With this agreement signed last week, a significant portion of NHC debt relating to the remaining unregistered plots of land in Freshwater has now been transferred to the Government. There remain about 172 unregistered plots which are currently occupied where the occupants have either made no payments at all to the NHC, made some payments or made all required payments but the land is yet to be transferred and registered in their name. The Government is now establishing a framework for facilitating the acquisition, management, and regularisation of the 172 plots of land to be registered. Such a framework will probably include the Government waiving the current and accrued land rents from the 172 plots of land owed by the NHC. The Department of Lands hopes to have the majority of the leases issued by the middle of this year.
In related news, the World Bank is now assisting the Government to develop a National Housing Policy which will include an assessment of the how the Government can be an actor in the land and housing market and what role, if any, the NHC will play in this.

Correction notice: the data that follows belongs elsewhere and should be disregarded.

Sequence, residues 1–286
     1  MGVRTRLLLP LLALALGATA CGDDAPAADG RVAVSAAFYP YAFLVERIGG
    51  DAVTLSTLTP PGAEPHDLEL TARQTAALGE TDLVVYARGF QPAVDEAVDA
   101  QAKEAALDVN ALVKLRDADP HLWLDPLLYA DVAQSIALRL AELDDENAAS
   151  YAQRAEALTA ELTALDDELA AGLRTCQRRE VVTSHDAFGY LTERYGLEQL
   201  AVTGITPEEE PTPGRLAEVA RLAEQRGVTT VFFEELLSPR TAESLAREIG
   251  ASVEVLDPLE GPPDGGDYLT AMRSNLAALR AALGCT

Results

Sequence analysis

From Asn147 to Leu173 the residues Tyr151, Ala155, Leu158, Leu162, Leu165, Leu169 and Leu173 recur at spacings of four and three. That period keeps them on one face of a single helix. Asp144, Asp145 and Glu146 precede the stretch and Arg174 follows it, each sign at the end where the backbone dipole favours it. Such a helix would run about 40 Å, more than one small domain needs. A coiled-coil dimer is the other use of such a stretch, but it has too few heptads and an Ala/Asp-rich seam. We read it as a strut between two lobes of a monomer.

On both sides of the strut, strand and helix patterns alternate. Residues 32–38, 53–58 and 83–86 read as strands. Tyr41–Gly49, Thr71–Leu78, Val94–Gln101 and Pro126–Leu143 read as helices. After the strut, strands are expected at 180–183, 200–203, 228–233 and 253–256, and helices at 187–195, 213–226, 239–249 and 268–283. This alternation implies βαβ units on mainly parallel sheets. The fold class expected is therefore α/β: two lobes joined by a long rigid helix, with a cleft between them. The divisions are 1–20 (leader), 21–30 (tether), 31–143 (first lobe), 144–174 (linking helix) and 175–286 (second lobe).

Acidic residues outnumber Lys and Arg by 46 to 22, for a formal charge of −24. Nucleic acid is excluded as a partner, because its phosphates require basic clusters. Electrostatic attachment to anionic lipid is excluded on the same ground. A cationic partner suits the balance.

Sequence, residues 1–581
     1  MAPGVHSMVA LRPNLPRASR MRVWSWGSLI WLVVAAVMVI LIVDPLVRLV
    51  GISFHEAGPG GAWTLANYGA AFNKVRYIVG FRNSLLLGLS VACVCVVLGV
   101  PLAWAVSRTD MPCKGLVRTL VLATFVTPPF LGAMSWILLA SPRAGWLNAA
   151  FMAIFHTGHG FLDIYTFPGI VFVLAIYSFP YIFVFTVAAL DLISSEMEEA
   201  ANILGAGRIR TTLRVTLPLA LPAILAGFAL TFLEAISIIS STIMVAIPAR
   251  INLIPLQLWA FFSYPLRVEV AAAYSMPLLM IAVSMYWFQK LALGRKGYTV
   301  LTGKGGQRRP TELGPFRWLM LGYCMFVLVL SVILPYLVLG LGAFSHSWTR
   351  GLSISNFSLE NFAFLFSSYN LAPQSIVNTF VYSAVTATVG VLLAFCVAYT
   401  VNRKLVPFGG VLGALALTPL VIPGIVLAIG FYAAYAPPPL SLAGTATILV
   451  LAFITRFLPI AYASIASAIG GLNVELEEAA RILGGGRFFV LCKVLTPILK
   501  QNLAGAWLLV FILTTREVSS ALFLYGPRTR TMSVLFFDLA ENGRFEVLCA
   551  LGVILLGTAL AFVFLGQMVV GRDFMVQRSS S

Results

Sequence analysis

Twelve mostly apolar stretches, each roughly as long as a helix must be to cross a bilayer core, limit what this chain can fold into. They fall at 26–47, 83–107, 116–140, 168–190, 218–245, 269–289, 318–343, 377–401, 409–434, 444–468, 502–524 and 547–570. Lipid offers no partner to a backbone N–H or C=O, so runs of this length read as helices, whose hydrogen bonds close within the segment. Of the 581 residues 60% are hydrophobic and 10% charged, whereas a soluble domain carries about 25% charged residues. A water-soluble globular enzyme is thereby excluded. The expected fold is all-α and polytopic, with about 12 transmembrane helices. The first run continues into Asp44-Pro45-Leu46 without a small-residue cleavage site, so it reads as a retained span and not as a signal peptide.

Last week, Minister Regenvanu made an official trip to New Caledonia in which he had discussions with the two principal agencies undertaking development of new suburbs and townships in the territory, SECAL (Société d’Equipement de la Nouvelle-Calédonie) and SIC (Société Immobilière Calédonienne).
Both organisations use public-private partnership models to build new towns and subdivisions, including the largest new township development in the whole of France, Dumbea Sur Mer, just outside Noumea. The Minister also held discussions with the President of the Government of New Caledonia, Philippe Germain, on how his government can assist Vanuatu to develop a similar agency in Vanuatu.
Such assistance is now possible through the inclusion of a section in the Cooperation Agreement signed between the governments of Vanuatu and New Caledonia last month in Port Vila which states that “the Government of New Caledonia will help the Government of Vanuatu to create a dedicated planning and housing entity, which would include related operations like water supply and sanitation, road infrastructure, and social housing”.
The Ministry of Lands is reportedly also finalizing amendments to a number of land laws to implement a new national subdivision policy, the purpose of which will be to regulate the provision of subdivision developments in Vanuatu and in particular to ensure that the creation of subdivisions results in environmentally and socially sustainable development and an improved quality of life for residents with suitable standards of amenity, access, health and safety.
The amendments are scheduled to go before Parliament in the June session and will be an important element in providing for the future development of subdivisions and townships throughout Vanuatu.